Musician Marc Gunn describes ‘The Bonnie Ship the Diamond’ as:

An old Scottish song popularized by The Corries. Over-fishing in the Greenland sea during the early 19th century had a devastating toll on the whale stocks. A new hunting ground, the South-West Fishery, was discovered in the region of the Davis Straits and it was mostly here that The Diamond fished. In 1830 The Diamond, Eliza Swan and The Resolution along with seventeen other whaling ships were caught in the ice of Melville Bay. The ships were lost and many sailors lost their lives.

Note: The tunes, lyrics and history of a single sea songĀ or shanty are often diverse and debated, given how these songs were passed along and changed (often simultaneously on many ships all over the seas). This is part of what is beautiful and fascinating about them. What we’re representing in this blog post is only one, and certainly not the only, version of a song and its history.


Full Lyrics - The Bonnie Ship the Diamond

The Diamond is a ship, my lads

For the Davis Strait we’re bound

The quay it is all garnished

With bonnie lasses ’round

Captain Thompson gives the order

To sail the ocean wide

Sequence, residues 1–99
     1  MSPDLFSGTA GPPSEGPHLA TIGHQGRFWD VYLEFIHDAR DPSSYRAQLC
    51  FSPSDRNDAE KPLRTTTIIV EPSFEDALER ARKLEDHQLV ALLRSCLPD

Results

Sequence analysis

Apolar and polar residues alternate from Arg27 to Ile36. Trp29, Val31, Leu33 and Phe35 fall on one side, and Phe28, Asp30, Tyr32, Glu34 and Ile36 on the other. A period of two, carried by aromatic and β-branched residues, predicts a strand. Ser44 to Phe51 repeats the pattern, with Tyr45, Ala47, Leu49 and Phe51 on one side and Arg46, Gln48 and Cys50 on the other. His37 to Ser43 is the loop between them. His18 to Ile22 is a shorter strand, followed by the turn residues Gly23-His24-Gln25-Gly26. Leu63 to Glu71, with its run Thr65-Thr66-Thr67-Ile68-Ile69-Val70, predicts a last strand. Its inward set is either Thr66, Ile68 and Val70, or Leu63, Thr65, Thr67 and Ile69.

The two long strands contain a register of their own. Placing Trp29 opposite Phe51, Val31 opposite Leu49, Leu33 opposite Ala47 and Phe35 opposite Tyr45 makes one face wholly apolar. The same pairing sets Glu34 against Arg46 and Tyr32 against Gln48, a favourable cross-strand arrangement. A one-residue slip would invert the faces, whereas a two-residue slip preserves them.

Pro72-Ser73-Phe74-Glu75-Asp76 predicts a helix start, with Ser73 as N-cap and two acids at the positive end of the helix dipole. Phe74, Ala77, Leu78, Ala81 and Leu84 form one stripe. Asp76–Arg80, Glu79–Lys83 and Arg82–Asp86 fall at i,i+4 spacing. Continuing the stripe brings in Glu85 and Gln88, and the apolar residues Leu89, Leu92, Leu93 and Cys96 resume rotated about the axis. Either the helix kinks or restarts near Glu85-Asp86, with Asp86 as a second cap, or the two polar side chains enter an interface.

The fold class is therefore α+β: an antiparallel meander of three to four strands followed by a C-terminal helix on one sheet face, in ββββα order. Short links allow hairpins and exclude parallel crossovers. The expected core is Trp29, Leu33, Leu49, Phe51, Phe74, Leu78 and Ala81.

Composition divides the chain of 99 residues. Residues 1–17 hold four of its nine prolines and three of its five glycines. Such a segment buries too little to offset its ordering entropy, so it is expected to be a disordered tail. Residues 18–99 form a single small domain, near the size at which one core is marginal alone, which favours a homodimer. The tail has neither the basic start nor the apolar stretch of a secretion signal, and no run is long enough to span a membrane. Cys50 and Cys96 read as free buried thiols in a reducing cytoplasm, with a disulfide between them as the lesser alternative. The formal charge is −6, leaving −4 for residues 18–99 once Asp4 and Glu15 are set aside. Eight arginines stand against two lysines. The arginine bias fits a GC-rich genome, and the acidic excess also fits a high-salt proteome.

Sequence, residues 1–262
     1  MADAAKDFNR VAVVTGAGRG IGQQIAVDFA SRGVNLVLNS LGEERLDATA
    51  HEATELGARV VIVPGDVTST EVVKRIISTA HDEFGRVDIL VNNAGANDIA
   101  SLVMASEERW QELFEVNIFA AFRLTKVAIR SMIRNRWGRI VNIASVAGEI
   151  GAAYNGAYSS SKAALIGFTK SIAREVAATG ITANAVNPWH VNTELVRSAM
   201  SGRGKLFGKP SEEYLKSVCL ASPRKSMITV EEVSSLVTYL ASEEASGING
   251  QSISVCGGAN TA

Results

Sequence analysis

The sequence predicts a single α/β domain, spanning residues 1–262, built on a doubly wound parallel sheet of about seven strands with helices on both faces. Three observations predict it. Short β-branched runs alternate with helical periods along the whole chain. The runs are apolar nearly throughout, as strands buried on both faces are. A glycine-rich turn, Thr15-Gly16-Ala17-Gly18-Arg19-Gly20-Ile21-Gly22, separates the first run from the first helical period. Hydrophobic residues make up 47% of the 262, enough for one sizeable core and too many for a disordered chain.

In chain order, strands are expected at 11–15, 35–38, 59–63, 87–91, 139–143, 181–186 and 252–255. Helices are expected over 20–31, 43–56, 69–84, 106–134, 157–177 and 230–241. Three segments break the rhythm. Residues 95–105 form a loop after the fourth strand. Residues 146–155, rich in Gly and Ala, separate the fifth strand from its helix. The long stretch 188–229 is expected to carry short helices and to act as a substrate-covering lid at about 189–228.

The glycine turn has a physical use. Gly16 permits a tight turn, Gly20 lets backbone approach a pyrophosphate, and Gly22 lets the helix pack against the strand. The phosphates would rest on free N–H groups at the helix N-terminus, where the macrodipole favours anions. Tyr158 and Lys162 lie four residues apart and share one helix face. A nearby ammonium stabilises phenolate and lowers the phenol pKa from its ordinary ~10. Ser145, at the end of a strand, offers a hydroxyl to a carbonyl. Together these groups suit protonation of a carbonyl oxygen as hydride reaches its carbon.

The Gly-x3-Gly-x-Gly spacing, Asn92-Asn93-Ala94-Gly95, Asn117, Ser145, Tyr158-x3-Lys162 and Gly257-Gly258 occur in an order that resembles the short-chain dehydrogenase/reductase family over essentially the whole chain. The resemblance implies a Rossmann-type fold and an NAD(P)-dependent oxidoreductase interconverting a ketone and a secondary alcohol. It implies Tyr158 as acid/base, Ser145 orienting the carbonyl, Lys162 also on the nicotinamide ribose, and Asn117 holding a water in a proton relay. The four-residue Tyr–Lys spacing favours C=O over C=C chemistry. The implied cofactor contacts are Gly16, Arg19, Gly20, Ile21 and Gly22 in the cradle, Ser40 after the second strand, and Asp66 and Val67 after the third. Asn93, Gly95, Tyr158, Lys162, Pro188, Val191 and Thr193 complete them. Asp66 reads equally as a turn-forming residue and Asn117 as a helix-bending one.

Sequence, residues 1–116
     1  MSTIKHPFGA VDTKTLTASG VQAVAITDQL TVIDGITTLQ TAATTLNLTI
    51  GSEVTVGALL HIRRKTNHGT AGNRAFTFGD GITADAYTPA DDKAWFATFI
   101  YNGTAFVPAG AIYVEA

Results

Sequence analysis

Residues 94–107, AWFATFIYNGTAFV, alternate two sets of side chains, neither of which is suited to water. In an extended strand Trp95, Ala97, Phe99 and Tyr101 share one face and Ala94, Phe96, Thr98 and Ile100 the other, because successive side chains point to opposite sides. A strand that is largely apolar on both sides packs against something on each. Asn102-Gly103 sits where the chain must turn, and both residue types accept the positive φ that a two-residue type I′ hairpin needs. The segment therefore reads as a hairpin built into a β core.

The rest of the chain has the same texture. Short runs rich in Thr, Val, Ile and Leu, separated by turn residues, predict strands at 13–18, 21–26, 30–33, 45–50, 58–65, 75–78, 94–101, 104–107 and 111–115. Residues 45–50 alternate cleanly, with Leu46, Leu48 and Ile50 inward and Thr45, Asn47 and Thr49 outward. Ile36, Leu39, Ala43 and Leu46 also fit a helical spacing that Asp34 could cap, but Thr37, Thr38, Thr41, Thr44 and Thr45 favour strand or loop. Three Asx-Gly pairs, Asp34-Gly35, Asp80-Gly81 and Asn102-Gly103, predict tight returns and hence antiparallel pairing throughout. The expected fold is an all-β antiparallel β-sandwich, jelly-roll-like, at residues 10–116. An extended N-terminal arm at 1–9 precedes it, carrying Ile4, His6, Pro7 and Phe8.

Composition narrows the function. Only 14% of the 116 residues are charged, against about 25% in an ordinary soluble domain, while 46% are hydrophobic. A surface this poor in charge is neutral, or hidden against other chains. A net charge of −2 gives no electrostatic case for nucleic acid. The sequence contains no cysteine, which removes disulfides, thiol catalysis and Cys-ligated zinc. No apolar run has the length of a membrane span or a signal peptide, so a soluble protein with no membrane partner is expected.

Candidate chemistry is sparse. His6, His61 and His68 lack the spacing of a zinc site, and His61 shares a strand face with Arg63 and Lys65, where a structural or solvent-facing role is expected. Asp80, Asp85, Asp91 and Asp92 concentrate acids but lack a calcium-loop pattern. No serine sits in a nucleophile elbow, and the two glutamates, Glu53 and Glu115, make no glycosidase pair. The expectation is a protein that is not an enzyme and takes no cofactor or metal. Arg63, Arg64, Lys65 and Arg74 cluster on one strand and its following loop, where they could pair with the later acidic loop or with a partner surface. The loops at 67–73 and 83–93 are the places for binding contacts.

Where the sun it never sets, my lads

Nor darkness dims the sky


For it’s cheer up my lads

Let your hearts never fai

l For the bonnie ship the Diamond

Goes a-hunting for the whale


Along the quay at Peterhead

The lasses stand around

Wi’ their shawls all pulled around them

And the salt tears runnin’ down

Don’t you weep for me, my dear

Though you be left behind

For the rose will grow on Greenland’s ice

Before we change our mind




Here’s a health to the Resolution

and Eliza Swan by name

Here’s health to Battler of Montrose

And the Diamond, ship of fame

We wear the trousers o’ the white

The jackets o’ the blue

When we get back to Peterhead

We’ll have sweethearts anew




It will be bright both day and night

When the Greenland lads come hame

Our ship full up with oil, my lads

And money to our name

We’ll make the cradles for to rock

And the blankets for to tear

And every lass in Peterhead sing

“Hushabye, my dear”